Ubisoft's city-building sim gets its first multiplayer release in the form of a browser-based, Flash 11 game, but there is little sacrificed in the way of scale, or detail, in the transition. Friends can work together to create gigantic empires that are indistinguishable from those found in the retail releases, and if you wish to speed things up, a tiny donation to Ubisoft will help speed things up. With the help of hundreds, if not thousands, of other players, your civilization has the potential to grow to a massive scale through cooperative efforts and trade, rivaling the enormity of empires found in other games in the Anno series, if not the entire world-building genre.
Most Official Unofficial Crouching Tiger, Hidden Dragon Game
Winner: Age of Wulin
Although Wuxia films were arguably more popular 10 years ago than they are today, in the West at least, that hasn't stopped gPotato bringing Age of Wulin (known as Age of Wushu in North America) over from China. The game features pretty cool movie-like wirework effects, such as floating through the air, running across water, and, of course, kung fu. There are eight different schools of the martial art to learn from, as well as 17 professions, including chef. The only downside could be that the game wants to take over your life: your player becomes a non-player character when you leave--go away for too long and you could end up getting kidnapped or robbed.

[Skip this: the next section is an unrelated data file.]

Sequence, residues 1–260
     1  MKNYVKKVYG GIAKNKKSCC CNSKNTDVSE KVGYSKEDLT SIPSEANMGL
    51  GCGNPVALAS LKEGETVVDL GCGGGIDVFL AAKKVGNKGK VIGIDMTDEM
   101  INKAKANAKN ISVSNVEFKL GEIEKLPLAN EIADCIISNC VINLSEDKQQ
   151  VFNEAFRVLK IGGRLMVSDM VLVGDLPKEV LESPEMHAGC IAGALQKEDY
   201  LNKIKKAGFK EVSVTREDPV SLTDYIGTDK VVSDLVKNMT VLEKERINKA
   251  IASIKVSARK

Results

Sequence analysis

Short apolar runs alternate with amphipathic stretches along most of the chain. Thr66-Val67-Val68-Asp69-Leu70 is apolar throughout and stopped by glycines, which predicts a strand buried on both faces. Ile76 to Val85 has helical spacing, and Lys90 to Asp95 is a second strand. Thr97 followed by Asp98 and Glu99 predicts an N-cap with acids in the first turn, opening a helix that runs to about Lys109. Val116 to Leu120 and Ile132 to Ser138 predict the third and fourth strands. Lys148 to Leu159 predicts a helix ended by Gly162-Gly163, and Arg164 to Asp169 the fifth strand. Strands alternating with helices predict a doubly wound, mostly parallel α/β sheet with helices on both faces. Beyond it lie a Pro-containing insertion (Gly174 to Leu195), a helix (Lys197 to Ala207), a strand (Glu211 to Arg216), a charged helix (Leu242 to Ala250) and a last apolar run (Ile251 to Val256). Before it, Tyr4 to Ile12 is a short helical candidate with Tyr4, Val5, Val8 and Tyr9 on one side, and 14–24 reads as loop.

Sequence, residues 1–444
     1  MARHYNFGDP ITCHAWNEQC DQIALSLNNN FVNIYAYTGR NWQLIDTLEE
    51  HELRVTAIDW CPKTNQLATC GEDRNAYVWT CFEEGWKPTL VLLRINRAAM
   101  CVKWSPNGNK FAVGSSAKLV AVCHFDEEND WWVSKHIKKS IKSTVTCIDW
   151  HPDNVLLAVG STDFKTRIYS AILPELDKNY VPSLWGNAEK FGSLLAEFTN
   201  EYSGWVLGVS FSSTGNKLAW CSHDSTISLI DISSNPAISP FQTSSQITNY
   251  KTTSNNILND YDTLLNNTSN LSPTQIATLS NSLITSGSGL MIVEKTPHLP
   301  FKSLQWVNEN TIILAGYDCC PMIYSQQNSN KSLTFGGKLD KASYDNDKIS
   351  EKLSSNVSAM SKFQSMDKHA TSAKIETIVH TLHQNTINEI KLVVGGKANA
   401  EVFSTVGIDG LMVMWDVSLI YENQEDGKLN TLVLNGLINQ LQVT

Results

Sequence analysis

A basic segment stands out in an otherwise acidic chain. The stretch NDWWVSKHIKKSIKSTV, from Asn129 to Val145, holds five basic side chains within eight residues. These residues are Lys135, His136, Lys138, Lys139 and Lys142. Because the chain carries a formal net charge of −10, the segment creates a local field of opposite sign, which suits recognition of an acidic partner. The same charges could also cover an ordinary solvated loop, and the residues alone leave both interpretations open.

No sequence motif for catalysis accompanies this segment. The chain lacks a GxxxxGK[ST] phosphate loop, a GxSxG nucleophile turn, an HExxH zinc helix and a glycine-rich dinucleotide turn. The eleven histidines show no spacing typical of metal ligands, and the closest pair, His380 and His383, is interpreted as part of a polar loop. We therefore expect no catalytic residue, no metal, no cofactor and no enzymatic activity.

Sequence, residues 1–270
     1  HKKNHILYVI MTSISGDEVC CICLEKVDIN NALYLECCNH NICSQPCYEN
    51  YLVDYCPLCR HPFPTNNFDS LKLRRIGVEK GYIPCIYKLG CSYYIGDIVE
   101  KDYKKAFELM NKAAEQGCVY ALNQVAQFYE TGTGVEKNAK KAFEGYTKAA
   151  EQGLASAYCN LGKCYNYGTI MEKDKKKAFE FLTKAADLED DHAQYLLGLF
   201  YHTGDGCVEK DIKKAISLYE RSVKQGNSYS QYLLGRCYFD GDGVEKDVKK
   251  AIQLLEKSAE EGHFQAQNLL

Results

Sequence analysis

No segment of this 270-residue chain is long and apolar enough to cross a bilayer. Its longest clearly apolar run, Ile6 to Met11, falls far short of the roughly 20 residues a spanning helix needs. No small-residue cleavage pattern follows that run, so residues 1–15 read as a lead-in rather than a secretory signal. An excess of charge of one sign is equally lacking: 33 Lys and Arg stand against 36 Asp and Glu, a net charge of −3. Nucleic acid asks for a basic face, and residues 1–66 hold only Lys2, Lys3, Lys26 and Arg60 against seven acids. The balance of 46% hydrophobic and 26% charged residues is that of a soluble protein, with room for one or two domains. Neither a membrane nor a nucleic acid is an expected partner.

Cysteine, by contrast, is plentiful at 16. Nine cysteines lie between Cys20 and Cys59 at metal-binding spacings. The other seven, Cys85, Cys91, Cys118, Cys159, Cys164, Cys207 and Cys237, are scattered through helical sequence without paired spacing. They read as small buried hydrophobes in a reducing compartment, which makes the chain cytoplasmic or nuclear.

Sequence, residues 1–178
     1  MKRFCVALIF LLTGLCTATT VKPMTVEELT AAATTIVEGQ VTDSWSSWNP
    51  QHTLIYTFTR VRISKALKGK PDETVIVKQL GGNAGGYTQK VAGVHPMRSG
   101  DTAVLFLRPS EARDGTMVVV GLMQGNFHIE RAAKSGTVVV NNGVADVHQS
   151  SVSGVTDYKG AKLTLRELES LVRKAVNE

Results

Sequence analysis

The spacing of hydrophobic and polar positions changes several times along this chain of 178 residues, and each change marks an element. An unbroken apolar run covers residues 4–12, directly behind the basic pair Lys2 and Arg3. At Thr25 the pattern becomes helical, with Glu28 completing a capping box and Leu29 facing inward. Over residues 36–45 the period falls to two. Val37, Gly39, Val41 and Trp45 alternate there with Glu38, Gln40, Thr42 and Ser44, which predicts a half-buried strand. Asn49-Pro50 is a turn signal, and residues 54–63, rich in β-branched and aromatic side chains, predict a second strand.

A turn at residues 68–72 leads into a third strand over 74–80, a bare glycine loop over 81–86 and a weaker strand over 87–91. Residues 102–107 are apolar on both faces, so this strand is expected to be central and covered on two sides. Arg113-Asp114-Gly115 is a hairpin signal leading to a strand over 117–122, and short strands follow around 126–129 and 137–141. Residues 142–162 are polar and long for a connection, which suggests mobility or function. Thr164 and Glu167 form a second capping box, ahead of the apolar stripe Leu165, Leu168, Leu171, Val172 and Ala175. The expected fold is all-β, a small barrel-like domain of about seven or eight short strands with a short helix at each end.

Best MMO Game That's Like EVE but Also Not EVE but That's OK Because You Can Ride Dragons
Winner: Project Theralon
Project Theralon is a sandbox MMO game from Berlin-based Infernum Productions, and one of the hooks is that you can create entire cities from the ground up using a modular building system. From there, it's up to you how those cities are run, so player and faction politics are critically important in determining your experience with the game. It's kind of like a cartoony fantasy version of EVE, only you get to also ride around on dragons.
Best Diablo Clone That Has Wolverine in It
Winner: Marvel Heroes